Colorado Wildflowers and Landscapes – the View from Yankee Boy Basin

August 3, 2014

Having to spend 6 weeks in the Rocky Mountains is a tough job, but I suppose someone has to do it. Alas, this is my job – photographing Colorado landscapes and Austin, Texas, skylines, as well as other Texas locations.

In late July, wildflowers begin to burst forth in the basins and gulches of Colorado’s high country. When the timing is right, one of the areas I try to visit is Yankee Boy Basin near Ouray, located in the Uncompahgre National Forest. The dirt road leading to Yankee Boy isn’t too bad for the first 6 miles. Most passenger cars can do it. Along the way you’ll pass by an old mine and the much photographed Twin Falls. After that, however, the road turns considerably worse. I’m willing to take my 4WD SUV another 2 miles, but no further. You can take a high clearance 4WD higher, but I’m happy reaching the 8 mile point. This area provides colorful Colorado wildflowers, including columbine, paintbrush, daisies and bluebells, against a landscape punctuated by one of Colorado’s 14,000 foot peaks, Mount Sneffels. In the evening you can shoot towards Sneffels and, if the conditions are right, you’ll have a great sunset as well.

The most recent evening I was there I arrived about 6:30pm after bumping my way up the last two miles. As soon as I got out of my car, the rains came. After a few minutes, as usually happens at 12,000 feet, the air quickly cleared and gave way to a beautiful evening. I spent the next few hours enjoying the scenery and practicing my craft.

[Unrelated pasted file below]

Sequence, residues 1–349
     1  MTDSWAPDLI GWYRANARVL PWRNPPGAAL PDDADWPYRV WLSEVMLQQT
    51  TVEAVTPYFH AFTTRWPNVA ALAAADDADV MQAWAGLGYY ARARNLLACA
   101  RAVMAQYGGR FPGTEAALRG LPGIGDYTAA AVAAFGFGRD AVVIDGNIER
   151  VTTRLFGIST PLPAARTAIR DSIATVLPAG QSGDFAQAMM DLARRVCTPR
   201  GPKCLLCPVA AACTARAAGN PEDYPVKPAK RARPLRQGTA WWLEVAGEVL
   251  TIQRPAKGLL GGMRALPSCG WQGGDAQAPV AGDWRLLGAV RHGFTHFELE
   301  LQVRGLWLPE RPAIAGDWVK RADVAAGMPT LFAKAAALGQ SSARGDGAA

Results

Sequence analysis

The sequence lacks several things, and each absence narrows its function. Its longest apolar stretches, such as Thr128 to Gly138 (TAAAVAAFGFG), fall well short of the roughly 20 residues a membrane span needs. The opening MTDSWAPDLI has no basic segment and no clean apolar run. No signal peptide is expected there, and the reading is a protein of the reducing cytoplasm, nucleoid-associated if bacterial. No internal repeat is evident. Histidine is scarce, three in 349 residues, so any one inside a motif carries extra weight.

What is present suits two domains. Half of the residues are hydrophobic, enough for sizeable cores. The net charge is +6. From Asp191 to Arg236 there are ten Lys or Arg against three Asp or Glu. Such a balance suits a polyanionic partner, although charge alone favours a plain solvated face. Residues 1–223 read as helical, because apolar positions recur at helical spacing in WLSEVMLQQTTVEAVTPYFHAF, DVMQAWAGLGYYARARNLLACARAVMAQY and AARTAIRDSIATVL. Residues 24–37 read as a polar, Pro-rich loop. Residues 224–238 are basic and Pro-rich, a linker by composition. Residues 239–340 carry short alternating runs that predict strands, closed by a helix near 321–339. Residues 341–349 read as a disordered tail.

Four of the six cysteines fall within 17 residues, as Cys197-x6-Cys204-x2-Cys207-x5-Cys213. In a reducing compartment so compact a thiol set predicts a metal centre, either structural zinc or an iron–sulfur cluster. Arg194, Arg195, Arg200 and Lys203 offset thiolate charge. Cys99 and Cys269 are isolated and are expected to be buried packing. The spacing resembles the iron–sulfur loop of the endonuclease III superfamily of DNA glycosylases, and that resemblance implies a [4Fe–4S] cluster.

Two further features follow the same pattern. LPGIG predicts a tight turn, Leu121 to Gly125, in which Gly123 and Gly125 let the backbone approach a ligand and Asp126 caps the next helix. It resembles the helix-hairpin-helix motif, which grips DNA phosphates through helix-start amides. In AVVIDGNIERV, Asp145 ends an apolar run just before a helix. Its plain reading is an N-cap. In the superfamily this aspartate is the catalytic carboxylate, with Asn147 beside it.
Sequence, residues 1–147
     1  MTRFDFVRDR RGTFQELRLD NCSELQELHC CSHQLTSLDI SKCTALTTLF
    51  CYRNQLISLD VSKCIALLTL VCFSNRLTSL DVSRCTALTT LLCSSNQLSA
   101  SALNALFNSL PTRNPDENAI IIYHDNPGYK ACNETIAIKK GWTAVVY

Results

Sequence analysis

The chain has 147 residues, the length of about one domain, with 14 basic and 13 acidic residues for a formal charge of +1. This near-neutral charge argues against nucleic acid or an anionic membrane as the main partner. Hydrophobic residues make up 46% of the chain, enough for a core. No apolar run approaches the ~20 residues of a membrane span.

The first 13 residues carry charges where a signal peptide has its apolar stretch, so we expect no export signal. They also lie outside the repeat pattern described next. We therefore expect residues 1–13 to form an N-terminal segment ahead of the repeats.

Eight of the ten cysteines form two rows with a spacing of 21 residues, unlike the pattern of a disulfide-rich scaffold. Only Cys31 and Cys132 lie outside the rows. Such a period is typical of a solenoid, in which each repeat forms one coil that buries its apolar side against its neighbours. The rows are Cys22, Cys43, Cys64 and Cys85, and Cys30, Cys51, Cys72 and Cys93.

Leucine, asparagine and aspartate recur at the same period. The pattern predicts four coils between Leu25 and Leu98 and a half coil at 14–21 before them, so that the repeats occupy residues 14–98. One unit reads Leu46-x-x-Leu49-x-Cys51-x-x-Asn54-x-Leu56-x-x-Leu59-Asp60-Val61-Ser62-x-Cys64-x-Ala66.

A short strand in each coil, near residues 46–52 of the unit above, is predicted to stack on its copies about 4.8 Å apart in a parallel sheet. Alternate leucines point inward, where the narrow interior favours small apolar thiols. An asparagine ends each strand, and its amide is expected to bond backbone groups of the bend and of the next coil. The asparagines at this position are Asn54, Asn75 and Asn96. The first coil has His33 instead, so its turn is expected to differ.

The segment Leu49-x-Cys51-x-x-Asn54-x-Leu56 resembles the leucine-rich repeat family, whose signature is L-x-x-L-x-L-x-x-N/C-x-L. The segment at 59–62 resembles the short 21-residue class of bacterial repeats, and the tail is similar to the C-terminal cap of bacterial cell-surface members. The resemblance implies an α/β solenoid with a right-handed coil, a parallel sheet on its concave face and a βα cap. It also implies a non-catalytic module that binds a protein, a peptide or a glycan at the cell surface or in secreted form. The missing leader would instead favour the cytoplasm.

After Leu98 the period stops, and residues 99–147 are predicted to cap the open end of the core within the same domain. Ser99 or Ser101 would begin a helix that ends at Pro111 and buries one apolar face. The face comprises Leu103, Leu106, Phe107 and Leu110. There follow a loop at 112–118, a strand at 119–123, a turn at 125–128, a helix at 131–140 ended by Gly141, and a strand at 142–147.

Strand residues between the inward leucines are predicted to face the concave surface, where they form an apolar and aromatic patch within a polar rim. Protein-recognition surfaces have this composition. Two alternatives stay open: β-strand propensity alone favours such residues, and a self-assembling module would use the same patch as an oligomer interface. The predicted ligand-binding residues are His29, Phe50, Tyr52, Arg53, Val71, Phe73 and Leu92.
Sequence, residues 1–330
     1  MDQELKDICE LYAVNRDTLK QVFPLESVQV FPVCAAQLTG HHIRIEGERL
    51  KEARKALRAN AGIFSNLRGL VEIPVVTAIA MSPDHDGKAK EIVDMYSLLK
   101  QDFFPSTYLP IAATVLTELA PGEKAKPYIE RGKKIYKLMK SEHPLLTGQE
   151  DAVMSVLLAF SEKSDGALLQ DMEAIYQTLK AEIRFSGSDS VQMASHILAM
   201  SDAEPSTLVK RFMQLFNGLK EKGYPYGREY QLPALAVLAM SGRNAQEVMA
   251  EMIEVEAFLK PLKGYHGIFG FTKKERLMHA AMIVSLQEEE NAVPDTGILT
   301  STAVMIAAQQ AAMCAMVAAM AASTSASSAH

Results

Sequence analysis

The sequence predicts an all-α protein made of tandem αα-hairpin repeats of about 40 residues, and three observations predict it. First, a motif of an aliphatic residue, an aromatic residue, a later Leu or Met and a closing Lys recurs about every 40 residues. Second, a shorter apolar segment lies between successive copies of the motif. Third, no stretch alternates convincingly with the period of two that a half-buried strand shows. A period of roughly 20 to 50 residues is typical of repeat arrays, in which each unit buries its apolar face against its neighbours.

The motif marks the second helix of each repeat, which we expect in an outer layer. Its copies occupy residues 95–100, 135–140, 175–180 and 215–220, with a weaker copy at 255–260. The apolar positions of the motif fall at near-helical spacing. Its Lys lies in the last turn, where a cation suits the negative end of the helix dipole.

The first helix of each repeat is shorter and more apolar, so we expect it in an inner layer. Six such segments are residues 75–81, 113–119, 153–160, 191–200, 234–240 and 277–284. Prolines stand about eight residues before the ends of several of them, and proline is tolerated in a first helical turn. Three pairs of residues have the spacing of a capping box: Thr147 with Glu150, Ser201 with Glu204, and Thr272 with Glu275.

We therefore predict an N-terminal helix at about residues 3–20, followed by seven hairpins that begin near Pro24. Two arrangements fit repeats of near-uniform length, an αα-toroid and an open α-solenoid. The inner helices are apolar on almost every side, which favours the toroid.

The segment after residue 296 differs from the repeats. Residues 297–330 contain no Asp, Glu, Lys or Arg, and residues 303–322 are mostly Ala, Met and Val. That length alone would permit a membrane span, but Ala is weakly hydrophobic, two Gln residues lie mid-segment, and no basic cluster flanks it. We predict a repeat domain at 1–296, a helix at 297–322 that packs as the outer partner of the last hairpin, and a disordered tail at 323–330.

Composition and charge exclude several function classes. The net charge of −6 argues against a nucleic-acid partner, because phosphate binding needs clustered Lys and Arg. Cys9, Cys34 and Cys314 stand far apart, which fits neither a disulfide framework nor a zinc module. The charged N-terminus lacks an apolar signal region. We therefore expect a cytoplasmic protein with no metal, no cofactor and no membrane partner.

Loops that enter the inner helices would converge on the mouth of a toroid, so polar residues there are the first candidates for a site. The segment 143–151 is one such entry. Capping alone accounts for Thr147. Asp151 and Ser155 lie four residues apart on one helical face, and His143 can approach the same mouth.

Colorado Wildflowers put on a show in Colorado's Yankee Boy Basin.

The wildflowers of Yankee Boy Basin near Ouray, Colroado, can put on quite a show in July and August.

Yankee Boy Basin is actually private land and made public by the generosity of its owners. The wildflowers tend to peak the third and fourth weeks of July. If your are adventurous and physically fit, you can also hike Mount Sneffels. Alternatively, the hike from Yankee Boy Basin over Blue Lakes Pass and down to the second and first Blue Lakes is also breathtaking. On the other side of the ridge, especially looking down on the turquoise waters of the Lower Blue Lake you’ll find a slope filled with wildflowers in mid summer. I’ve done this hike and, while tired at the end, I thoroughly enjoyed the vistas and landscapes and most of all the colorful flowers of the area.

If I can answer any questions about this area, just let me know.

In the meantime, feel free to visit my Colorado Gallery.

Also, keep up with my photography on my Professional Facebook page.

Happy Travels,

~ Rob


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